Malt. Water. Hops. Yeast.
If Hearthstone Brewery manager Darren Hollett ever loses his way, he’s got the basic ingredients tattooed right on his knuckles.
On each “brew day,” Hollett arrives early. The malt – grains of various kinds – are measured, ground up and loaded into a hopper. The varieties and quantities of the malt determines how dark or light, flavourful or crisp the beer may be, as well as its aroma.
They pour it into the mash tun, a 2000-litre tank, where it’s heated to about 75°C.
Rather than using Metro Vancouver tap water, excellent as it is, Hollett and his staff condition their water to mimic the groundwater in the region where the style of beer originated. Harder water for a Czech pilsner, softer for a New England IPA.
After about an hour at high heat, the amylase enzymes convert the natural starches in the water into sugars. The product in the tank at that point carries the rather unappealing name “wort.”
Hollett and his crew then add hops, which give beer its distinct bitterness but also add a more complex flavor profile, which could make a beer citrusy, earthy or piney depending on the hop. This is also when other flavouring agents like honey, herbs, spices, fruit or cacao can be added.
Once the wort has boiled for another hour, they transfer it to a fermenting tank and use a heat exchange system to bring the temperature down in a hurry. This prepares the wort for the final main ingredient, yeast.
In the tank, the billions and billions of cells in the yeast culture essentially eat the sugar and excrete alcohol and carbon dioxide. Again, different strains of yeast yield different qualities in the beer.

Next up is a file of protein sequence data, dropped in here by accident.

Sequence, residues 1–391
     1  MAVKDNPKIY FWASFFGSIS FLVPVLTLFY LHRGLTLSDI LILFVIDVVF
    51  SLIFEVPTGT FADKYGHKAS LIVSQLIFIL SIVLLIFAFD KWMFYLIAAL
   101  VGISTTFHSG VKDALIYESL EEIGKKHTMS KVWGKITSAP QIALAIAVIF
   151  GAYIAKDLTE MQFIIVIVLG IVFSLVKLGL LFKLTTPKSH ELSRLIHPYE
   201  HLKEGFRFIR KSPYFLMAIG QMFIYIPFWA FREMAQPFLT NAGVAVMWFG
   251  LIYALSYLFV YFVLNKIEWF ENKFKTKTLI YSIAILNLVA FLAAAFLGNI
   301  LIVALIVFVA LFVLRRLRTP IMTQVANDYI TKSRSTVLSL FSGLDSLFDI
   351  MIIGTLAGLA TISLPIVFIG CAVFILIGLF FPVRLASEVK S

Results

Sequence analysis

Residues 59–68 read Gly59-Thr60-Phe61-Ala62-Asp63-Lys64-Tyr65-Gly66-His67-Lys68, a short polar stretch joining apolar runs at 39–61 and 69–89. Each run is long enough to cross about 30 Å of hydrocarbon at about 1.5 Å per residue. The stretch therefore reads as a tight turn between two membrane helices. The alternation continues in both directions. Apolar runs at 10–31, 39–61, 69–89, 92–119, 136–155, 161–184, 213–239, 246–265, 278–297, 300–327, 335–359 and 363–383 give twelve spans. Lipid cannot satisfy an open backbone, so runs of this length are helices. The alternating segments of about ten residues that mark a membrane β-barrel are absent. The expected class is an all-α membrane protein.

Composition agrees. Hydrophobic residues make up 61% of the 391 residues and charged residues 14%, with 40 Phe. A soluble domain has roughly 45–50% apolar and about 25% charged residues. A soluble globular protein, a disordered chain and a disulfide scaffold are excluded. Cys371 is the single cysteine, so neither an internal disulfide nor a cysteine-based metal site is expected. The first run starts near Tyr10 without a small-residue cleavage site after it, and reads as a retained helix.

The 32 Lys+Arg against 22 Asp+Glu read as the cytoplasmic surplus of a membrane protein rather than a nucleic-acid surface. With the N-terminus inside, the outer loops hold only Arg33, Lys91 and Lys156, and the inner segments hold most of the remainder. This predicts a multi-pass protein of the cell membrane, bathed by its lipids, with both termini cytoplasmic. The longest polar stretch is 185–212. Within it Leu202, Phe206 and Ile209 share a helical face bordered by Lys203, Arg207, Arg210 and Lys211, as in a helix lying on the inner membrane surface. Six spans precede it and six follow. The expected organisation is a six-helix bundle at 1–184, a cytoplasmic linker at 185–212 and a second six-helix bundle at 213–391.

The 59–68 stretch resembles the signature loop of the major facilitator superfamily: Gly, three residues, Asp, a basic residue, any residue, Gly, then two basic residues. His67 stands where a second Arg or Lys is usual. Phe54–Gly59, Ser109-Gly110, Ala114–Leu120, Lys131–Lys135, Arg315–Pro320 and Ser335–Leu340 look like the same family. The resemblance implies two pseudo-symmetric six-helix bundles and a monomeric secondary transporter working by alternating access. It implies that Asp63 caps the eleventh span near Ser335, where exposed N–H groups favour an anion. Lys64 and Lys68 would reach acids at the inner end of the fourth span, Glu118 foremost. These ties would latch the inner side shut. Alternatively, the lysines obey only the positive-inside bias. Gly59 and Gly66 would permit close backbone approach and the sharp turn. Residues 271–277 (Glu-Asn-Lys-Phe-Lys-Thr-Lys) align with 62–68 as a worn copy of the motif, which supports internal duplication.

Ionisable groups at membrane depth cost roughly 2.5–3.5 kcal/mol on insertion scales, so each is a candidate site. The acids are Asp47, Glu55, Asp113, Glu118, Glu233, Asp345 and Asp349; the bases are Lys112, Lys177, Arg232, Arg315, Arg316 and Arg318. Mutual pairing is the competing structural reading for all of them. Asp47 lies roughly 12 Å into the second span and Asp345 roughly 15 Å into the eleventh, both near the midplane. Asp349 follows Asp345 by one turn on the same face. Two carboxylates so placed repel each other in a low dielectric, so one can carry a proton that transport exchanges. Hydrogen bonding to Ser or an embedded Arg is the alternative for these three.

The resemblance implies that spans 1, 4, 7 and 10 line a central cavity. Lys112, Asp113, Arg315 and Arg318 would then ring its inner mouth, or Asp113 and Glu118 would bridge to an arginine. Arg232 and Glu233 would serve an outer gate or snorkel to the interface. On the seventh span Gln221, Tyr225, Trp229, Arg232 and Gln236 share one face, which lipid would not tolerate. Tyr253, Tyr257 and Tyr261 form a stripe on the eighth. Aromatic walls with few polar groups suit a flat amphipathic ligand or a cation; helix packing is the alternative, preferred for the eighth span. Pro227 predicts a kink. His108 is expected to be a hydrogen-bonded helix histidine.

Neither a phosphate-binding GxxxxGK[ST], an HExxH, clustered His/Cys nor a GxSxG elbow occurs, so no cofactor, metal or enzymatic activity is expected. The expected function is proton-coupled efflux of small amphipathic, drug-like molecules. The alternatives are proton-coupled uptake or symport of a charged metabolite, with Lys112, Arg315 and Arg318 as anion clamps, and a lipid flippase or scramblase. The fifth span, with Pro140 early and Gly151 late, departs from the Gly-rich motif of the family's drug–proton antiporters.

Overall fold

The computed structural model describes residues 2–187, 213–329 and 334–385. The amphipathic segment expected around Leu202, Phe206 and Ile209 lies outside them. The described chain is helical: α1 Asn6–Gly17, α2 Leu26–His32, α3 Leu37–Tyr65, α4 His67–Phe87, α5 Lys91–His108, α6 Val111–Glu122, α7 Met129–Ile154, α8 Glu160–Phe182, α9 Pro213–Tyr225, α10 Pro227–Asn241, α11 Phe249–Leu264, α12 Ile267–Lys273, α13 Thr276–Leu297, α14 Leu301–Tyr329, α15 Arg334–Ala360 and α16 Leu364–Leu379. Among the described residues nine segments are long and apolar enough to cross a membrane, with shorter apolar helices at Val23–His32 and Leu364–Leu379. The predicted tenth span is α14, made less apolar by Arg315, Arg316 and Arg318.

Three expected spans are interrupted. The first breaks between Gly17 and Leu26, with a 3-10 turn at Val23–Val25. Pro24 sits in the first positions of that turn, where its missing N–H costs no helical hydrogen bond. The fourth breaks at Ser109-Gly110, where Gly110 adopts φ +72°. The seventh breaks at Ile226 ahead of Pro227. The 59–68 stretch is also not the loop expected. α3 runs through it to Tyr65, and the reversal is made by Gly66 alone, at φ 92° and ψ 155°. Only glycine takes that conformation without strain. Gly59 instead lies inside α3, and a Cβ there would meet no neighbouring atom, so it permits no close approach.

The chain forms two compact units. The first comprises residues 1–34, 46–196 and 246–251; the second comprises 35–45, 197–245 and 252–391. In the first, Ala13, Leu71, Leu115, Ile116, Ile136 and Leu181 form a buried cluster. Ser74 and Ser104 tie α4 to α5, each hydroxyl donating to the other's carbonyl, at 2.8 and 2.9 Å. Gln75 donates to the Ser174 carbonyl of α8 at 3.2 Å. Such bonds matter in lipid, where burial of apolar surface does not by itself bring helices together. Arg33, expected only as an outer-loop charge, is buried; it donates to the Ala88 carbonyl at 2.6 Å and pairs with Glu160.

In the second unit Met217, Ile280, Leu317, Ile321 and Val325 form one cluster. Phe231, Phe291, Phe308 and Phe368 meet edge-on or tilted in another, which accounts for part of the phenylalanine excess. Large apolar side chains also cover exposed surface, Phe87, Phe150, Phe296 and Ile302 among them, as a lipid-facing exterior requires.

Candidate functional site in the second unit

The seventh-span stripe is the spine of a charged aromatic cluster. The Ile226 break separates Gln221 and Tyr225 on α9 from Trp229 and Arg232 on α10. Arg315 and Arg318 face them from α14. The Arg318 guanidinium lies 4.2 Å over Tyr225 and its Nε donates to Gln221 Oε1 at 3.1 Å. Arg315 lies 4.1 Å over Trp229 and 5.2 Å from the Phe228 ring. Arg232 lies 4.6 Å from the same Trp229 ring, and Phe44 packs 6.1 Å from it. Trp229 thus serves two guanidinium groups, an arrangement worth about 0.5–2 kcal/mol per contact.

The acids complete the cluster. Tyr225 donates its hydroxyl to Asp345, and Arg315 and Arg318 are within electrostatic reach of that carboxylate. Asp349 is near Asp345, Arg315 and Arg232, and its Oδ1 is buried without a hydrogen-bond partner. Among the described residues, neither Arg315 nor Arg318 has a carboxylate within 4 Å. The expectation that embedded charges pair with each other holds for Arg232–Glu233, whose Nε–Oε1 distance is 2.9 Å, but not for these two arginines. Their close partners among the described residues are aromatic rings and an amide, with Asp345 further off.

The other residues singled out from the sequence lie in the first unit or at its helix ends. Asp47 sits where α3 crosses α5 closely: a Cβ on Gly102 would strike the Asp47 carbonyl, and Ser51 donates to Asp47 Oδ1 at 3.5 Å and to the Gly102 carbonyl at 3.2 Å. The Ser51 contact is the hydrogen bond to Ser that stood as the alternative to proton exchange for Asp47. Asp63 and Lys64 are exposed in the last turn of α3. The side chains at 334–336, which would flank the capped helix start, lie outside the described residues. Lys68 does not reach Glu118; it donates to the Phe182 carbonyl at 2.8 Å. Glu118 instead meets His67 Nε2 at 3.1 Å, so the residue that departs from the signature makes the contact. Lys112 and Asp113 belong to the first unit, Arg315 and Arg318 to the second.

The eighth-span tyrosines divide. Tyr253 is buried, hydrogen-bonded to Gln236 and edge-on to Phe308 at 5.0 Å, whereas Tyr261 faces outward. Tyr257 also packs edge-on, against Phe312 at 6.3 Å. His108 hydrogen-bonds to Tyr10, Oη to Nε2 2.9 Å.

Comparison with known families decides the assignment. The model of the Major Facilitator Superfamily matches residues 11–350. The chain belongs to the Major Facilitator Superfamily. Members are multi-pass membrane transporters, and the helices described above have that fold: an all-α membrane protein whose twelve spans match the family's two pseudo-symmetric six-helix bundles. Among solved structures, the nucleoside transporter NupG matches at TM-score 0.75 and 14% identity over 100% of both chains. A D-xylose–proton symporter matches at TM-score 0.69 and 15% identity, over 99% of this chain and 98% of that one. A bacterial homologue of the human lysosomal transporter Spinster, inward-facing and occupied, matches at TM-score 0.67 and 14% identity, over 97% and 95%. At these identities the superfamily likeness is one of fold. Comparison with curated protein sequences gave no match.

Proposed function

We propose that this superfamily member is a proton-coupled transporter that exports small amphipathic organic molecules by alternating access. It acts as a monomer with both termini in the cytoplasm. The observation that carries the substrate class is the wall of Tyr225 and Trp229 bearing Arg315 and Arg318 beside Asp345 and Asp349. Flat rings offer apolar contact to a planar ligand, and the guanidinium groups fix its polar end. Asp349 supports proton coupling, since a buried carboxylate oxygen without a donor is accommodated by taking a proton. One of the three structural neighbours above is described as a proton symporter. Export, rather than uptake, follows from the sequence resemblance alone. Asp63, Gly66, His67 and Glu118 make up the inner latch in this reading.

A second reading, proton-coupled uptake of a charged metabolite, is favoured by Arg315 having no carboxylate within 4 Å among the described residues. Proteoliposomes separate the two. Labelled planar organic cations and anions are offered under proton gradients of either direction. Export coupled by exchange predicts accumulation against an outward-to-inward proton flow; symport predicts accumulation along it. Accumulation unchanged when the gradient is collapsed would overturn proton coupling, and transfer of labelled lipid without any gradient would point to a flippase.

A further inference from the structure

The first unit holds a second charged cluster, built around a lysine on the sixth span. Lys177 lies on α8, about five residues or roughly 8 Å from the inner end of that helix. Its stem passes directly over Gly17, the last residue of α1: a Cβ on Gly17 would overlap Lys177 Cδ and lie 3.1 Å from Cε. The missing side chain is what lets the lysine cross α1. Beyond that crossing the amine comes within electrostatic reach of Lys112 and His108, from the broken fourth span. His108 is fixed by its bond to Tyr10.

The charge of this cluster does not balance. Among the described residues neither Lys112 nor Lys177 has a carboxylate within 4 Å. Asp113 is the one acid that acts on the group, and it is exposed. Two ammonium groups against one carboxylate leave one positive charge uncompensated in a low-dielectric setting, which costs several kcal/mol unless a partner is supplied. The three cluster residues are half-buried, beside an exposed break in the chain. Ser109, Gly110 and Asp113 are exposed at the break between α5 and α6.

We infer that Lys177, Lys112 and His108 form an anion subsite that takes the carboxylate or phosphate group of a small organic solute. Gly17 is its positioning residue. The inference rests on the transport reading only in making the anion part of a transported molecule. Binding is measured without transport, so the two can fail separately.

After a week to two weeks of fermenting and checks for quality control, the beer still needs about two weeks of conditioning in separate tanks before it is ready for carbonation and bottling. Some breweries have their own bottling lines, although Hearthstone uses a mobile canning company.
Like most of the people toiling away in the Lower Mainland’s now 40-plus breweries, Hollett began as a home brewer (and when he’s not on the job he’s still experimenting at home).
It may be largely forgotten, but the first licensed craft brewer in B.C. was on the North Shore. Horseshoe Bay Brewing opened in 1981 using dairy farmers’ milk containers to brew beer. They closed their doors in the 1990s.
Hearthstone is the latest of five breweries on the North Shore to open its doors, joining Bridge Brewing on Charlotte Road, Deep Cove Brewers and Distillers on Dollarton Highway, Green Leaf Brewing Co. at Lonsdale Quay, and Black Kettle Brewing Company on Copping Street.
Competitors, yes, but Hollett regards them more like a community,
“The people are amazing. I haven’t met a single person from a brewery that I haven’t liked, in all honesty,” he said. “Deep Cove and Black Kettle have often lent us malt or CO2 or whatever we need.”
There are more than 100 breweries and brew pubs in B.C. now, but Hollett doesn’t see the market as being saturated with the suds just yet.
“We’ve got really great breweries coming out but I think we’ve still got room to grow in terms of coming out with new and kickass beers,” he said. “I don’t think we’re anywhere near to a bubble burst on the craft beer scene. I think it’s going to continue to grow and I’m excited for it.”